Other than IT infrastructure, the physical layout of the office may also be reworked to accommodate onsite workers to participate in both physical and virtual meetings. This may mean creating smaller meeting rooms and huddle spaces equipped with room booking system.

Build trust at work

In addition to changing the ‘hard elements’ to enable implementation, ‘soft elements’ also need to be transformed to reinforce and sustain a successful hybrid workforce. Employers and managers need to consider:

  • What are the norms, rules, and expectations around work?
  • Are employees’ work outcomes or the number of hours clocked more important?

To avoid flexibility backlash, a culture that hinges on trust and results-orientation is required.

Managers as a key facilitator of a hybrid work model need to be trained on how to manage such teams. For instance, how to empower employees, delegate work and set clear expectations, and provide the necessary support and guidance to deliver results. Some managers may have the tendency to engage in micromanaging behaviours such as constant tracking of online activity or work hours as they feel they lack control over remote employees or even office employees. However, such gestures can cause undue pressure and cultivate a counter-productive culture of presenteeism.

Instead, managers need to learn to believe that their employees are putting in their best even when they are not under close physical supervision and focus on work deliverables. One effective way to supervise employees would be to schedule a regular one-to-one or group check-ins to get work updates.

To aid managers in better supervising a hybrid team and cultivate a trust culture, organisations can:

  • Establish a clear hybrid work arrangement policy that can be adapted from an existing telecommuting policy regarding working hours and behavioural expectations during work hours, and communicate this clearly to all employees.
  • Adopt an appraisal system that is fair and objective, with measurable standards for evaluating job performance (e.g. project outcomes and task completion).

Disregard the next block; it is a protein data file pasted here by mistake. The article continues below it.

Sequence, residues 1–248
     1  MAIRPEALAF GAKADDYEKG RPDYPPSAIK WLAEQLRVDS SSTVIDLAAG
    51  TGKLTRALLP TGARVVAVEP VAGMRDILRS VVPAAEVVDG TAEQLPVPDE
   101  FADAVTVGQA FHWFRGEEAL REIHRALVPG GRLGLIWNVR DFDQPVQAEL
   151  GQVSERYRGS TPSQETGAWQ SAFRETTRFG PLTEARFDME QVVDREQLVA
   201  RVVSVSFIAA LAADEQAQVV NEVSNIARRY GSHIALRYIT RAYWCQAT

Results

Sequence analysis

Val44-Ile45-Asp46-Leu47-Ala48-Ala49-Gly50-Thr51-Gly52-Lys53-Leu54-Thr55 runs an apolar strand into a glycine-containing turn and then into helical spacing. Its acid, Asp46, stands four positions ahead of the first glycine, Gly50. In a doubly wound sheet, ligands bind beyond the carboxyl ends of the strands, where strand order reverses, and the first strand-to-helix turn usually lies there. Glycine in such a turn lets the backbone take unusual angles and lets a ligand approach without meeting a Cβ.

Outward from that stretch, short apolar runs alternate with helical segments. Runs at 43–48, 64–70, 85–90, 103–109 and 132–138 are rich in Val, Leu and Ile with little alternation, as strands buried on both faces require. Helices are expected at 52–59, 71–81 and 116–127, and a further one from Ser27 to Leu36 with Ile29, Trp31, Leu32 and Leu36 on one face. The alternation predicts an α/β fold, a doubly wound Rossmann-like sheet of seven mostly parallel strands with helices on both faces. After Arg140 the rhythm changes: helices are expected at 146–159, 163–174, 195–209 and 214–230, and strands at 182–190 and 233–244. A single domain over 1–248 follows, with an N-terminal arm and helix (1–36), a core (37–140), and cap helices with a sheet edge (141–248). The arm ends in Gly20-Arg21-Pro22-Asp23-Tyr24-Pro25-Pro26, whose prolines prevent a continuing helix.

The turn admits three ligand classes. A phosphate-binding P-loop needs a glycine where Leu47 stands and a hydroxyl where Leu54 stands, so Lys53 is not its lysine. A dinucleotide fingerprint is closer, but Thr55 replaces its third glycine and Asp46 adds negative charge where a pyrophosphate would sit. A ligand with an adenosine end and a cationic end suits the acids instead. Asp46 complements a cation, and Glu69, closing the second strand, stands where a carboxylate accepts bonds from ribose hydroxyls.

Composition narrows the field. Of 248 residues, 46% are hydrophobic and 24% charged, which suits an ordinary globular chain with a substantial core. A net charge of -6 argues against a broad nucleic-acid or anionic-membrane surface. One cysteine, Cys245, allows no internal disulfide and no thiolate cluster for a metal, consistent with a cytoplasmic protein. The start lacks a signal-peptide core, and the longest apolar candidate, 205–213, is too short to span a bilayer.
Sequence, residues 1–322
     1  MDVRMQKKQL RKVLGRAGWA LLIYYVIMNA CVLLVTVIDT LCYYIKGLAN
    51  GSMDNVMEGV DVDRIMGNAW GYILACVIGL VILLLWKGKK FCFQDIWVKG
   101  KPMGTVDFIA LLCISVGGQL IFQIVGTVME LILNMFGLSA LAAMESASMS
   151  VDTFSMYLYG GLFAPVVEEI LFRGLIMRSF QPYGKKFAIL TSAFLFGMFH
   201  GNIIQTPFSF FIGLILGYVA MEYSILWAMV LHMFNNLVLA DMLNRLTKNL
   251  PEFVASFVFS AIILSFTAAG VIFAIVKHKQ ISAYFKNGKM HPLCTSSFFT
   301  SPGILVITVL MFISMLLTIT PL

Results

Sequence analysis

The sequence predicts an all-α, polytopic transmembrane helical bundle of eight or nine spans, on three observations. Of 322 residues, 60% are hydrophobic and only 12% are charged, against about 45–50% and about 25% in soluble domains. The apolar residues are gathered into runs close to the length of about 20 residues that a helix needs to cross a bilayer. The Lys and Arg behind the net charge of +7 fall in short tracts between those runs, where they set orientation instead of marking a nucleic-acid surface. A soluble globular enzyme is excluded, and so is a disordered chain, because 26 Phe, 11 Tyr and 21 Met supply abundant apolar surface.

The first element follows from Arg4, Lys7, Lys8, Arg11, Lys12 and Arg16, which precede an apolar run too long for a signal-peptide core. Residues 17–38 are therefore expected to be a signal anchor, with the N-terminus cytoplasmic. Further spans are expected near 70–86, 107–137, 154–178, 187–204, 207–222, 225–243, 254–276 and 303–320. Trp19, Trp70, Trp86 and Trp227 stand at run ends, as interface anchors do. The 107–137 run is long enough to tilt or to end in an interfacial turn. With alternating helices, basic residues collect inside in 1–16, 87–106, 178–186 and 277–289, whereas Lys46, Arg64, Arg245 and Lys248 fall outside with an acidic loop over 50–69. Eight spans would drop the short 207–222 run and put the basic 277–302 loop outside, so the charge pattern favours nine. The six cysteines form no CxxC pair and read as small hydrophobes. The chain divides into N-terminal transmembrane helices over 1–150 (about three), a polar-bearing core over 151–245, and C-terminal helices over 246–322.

Create an inclusive work environment

With employees working in different locations and possibly at different times, managers are critical in ensuring that no one gets left behind. Besides conducting regular check-ins on work progress, managers should provide safe platforms for two-way communication to allow all employees to raise issues or contribute their views, taking into account individual preferences for the mode of communication.

Certain hybrid work models may also create subgroups of employees, with those working from home and those in office forming their own cliques. This could potentially lead to an 'us' vs 'them' mentality which could be harmful to workplace morale. Social relationships and an employee’s sense of belonging may also deteriorate if they feel excluded.

Good managers will create environments that foster inclusiveness, strengthen employee relationships, and bridge the physical divide between those working remotely and those working onsite. Conscious efforts would be required to create opportunities for both remote and onsite employees to interact. For instance, provide cross-team collaborations and organise team bonding activities such as virtual happy hours, coffee catch-ups, and brown bag sessions.

There is no one-size-fits-all hybrid work model. To implement a sustainable hybrid work arrangement, organisations need to first establish the objective of adopting such an arrangement (e.g. to attract and retain talent), assess the organisation’s and employees’ needs (e.g. through surveys), and identify a suitable model. Be sure to also pilot this model with a proportion of employees and make adjustments along the way before rolling it out to the whole organisation.

Visit tafep.sg for more tips on work-life implementation.


Photo / 123RF